Teixobactin, a potential drug discovered from 'unculturable' bacteria

Teixobactin, a potential drug discovered from 'unculturable' bacteria

A team led by Kim Lewis of Northeastern University in Boston, Massachusetts, has discovered a new class of antibiotic, which they have named teixobactin. The antibiotic acts against the deadly bacterium MRSA (methicillin-resistant Staphylococcus aureus) in mice, and a host of other pathogens in cell cultures. The researchers used a device called iChip that enables 'unculturable' microbes to survive in the lab, helping the discovery of bacteria that naturally produce compounds deadly to other pathogens. Although successful antibiotics have been discovered, they were isolated from bacteria or fungi that produce lethal compounds to prevent themselves from other microbes. However, bacteria that produce teixobactin have not been explored in depth since they could not be grown in laboratories. If teixobactin produces the same effect among humans as it has in mice, it could be a solution to the impending problem of antibiotic resistance.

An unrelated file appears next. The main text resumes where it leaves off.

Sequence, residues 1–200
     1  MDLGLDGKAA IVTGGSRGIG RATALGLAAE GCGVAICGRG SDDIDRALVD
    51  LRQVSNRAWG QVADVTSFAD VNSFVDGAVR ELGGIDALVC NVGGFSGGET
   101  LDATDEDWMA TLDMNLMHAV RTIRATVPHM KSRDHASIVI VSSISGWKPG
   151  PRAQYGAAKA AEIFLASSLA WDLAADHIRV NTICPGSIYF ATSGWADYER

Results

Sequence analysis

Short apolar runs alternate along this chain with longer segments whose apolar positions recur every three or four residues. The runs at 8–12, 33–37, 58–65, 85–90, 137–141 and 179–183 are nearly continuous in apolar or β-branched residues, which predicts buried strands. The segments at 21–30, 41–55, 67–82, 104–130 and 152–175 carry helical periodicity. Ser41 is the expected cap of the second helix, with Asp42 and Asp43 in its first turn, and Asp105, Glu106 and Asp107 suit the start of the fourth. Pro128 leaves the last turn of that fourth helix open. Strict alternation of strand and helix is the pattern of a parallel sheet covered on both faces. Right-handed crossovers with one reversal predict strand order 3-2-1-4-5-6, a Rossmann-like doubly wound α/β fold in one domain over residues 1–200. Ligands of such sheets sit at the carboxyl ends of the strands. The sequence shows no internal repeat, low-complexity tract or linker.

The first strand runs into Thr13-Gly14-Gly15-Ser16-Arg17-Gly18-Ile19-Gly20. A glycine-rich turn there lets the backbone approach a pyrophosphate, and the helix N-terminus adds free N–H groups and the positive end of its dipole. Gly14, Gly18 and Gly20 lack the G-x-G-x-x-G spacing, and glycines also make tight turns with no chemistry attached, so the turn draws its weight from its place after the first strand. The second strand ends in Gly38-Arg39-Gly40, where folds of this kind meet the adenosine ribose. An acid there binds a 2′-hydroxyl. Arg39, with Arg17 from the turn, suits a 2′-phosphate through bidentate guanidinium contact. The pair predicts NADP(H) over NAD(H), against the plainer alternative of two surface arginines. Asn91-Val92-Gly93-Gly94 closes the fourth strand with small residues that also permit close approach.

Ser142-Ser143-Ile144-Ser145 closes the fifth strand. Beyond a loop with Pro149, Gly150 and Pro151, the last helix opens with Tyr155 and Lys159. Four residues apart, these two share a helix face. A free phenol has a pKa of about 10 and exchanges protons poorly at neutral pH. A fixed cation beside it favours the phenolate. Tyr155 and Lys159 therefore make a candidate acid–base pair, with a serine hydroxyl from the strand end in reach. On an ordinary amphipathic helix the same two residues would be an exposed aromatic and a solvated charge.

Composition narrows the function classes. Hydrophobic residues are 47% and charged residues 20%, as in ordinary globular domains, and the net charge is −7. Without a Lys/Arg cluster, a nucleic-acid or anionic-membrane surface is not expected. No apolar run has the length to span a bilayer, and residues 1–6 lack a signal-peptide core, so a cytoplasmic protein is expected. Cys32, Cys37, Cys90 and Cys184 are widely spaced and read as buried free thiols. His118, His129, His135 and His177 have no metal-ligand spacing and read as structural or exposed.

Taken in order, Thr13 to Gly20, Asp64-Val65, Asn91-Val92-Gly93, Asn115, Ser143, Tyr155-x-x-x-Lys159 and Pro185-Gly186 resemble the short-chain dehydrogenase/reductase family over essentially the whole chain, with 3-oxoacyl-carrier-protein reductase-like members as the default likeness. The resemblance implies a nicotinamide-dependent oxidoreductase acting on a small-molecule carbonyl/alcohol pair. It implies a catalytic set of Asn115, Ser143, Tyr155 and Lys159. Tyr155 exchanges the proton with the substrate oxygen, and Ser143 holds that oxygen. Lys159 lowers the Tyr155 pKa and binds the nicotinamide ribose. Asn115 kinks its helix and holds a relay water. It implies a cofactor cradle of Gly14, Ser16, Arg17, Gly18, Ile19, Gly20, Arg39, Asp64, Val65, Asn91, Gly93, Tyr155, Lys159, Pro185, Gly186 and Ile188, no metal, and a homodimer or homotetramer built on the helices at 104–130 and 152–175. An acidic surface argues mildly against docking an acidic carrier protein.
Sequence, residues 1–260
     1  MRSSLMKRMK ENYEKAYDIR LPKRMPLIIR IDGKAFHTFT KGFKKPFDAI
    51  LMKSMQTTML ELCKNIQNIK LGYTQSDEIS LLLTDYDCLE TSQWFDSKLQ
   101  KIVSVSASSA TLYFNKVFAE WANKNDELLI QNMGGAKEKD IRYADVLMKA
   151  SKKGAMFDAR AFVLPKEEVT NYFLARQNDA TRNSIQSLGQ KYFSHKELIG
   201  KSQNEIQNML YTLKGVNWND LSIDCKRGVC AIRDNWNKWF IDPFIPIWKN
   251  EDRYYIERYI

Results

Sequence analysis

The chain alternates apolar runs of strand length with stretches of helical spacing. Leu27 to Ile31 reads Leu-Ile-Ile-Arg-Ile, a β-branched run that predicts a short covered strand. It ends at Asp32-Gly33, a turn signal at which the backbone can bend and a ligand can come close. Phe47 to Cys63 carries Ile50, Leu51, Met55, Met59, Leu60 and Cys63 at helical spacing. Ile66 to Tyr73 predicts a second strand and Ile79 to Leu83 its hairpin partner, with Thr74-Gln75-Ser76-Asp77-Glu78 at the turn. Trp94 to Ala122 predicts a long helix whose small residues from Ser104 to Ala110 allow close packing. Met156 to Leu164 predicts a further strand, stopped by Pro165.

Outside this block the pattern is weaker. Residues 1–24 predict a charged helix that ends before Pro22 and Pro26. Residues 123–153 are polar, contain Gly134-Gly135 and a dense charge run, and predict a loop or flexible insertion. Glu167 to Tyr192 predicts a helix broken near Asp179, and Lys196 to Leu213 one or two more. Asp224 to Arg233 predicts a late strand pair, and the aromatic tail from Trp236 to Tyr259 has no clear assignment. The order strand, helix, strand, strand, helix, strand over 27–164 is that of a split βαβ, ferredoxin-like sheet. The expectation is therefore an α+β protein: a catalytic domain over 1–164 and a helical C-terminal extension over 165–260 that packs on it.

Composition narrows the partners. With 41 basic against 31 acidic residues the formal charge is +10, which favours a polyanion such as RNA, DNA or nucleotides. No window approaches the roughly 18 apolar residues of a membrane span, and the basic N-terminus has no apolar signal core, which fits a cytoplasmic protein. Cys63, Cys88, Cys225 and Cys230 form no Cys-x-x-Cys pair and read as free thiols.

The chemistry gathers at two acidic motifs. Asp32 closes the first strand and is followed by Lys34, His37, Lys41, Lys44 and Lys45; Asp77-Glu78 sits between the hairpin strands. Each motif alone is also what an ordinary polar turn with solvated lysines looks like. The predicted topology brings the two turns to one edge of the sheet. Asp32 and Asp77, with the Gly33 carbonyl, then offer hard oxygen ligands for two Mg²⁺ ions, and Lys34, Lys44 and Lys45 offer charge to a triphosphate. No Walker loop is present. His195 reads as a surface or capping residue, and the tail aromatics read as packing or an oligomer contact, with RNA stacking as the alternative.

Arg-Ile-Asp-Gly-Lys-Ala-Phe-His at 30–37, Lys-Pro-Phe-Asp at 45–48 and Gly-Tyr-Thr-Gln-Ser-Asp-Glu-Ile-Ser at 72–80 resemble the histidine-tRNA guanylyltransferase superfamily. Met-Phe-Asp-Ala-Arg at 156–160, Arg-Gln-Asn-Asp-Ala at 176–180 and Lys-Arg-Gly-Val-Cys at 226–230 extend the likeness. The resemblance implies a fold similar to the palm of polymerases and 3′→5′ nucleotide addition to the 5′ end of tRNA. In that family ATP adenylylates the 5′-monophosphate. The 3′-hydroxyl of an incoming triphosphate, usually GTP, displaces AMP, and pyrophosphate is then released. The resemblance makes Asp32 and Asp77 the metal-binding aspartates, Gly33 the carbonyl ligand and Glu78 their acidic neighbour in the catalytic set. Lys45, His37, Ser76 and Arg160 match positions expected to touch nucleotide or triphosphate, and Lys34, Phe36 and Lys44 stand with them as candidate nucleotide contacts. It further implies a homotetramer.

Read more in Nature.

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